Blatant safety violations show exactly what not to do when using prescribed fire for habitat management
Last weekend (Aug. 13), this video was posted to the Bowmar Bowhunting Youtube page, and it shows Josh Bowmar lighting a prescribed fire from the cab of his truck, catching the vehicle itself on fire, attempting to put the blaze out with a leaf blower, evacuating his gear from inside the cab, and ultimately watching the vehicle burn to the ground. In the video, Bowmar calls his wife, who tells him to document things for insurance purposes, and then he calls 911 to request a fire truck.
OK, first, a few things. I don’t follow the Bowmars (Josh and his wife, Sarah), but I do know they’re famous — or at least infamous — in the world of social media hunting influencers. They were named in a big poaching bust in Nebraska a few years ago, but are evidently still waiting trial for that (it’s been continued until late next month, September 2022). They were in the news years ago for killing a black bear with a spear in Canada, too, which they also filmed. The backlash from the controversial video cost them sponsors, most notably Under Armour.
This post has nothing to do with any of that, or with being a "hit piece" against the Bowmars. I’ve seen it mentioned online multiple times that the truck burning video was actually done on purpose, in the name of “getting content.” I won’t speculate on that.
All that said, the video could be a tutorial on what not to do when conducting a prescribed fire. I've done a fair bit of prescribed fire work myself, and to me, the blatant mistakes were easy to see. But for even more proof, I reached out to Lindsay Thomas Jr., chief communications officer for the National Deer Association, for his input. The NDA routinely touts the benefits of safe burning practices as a habitat management tool, and Thomas himself has years' worth of experience with prescribed fire.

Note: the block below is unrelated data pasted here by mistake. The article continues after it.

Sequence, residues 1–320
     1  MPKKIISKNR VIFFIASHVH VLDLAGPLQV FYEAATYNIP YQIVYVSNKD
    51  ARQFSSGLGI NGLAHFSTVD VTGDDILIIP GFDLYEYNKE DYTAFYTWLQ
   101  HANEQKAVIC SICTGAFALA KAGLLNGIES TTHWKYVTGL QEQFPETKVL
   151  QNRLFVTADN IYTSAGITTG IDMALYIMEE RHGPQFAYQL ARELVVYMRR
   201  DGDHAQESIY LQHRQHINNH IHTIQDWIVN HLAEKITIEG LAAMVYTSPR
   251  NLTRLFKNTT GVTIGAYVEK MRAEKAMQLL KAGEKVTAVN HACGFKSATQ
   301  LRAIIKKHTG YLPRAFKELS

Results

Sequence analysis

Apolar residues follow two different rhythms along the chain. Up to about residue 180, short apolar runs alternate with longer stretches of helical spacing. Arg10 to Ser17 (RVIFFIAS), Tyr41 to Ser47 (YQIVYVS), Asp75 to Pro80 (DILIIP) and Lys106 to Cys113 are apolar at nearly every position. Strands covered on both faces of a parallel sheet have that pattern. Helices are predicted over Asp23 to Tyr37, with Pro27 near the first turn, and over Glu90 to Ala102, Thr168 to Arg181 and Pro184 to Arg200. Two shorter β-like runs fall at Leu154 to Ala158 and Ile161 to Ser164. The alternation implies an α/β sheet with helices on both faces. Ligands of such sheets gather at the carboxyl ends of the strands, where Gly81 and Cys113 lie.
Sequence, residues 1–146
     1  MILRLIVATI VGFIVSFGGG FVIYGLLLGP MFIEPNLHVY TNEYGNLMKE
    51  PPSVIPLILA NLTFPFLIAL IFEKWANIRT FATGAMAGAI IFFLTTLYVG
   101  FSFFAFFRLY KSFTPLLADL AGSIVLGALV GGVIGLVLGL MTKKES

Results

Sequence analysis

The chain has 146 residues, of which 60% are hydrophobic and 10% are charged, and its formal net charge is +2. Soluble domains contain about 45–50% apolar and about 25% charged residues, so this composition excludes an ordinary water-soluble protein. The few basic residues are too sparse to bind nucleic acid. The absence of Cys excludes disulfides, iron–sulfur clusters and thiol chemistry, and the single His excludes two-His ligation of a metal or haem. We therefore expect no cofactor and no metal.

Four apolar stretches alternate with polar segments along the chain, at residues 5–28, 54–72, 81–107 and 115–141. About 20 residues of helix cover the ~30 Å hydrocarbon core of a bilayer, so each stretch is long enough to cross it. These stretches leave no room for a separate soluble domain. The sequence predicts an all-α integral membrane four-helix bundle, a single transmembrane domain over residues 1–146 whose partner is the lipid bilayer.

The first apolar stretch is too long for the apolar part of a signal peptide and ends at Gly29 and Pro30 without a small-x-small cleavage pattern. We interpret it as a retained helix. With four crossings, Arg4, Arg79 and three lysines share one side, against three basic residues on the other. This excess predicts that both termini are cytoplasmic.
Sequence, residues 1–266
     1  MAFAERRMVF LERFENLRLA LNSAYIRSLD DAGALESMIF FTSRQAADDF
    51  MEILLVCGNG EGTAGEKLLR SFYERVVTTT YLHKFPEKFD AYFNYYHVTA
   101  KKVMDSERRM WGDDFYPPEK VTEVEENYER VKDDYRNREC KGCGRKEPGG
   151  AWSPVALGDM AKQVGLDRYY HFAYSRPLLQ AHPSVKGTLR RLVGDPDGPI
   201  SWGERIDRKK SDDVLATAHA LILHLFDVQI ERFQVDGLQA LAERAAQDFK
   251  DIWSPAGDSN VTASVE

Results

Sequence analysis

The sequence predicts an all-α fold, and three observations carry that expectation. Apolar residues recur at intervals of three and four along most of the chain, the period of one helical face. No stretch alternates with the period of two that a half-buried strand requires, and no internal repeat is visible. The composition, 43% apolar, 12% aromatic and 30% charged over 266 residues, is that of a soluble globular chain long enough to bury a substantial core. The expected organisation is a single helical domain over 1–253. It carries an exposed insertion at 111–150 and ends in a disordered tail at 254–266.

Regardless of whether you’re a Bowmar Bowhunting fan or not, this video shows you the consequences of not taking a burn seriously enough. Here are the most blatant violations Thomas and I saw.
Mistake No. 1: Lighting Fire From the Truck
The drone footage at the beginning of the video shows what looks like a propane torch being used from the driver’s side door, as Bowmar drives around the field, ringing it with flames. It’s obvious fuel gets on the back tire, and of course tire fires aren’t easy to extinguish.
“Years ago, my dad burned up his ATV while lighting prescribed fire,” Thomas told me. “He was steering the ATV with one hand and holding the torch in the other. He wedged the front tire against a small tree, and the engine shut off in gear. While he was trying to get it in neutral and start the engine, the flames that were right behind him caught on some fuel he had spilled on the back of the ATV. He couldn’t start it, so he tried beating out the flames. It was too late. Ever since then, he has owned an ATV-model drip torch, which mounts on the back and has safety features to prevent this very thing. But we have an old ATV frame on the farm that acts as a safety reminder.”
Even better? Wear protective clothing and walk the fire line with a drip torch, the tool designed for this very job.
Mistake No. 2: No Water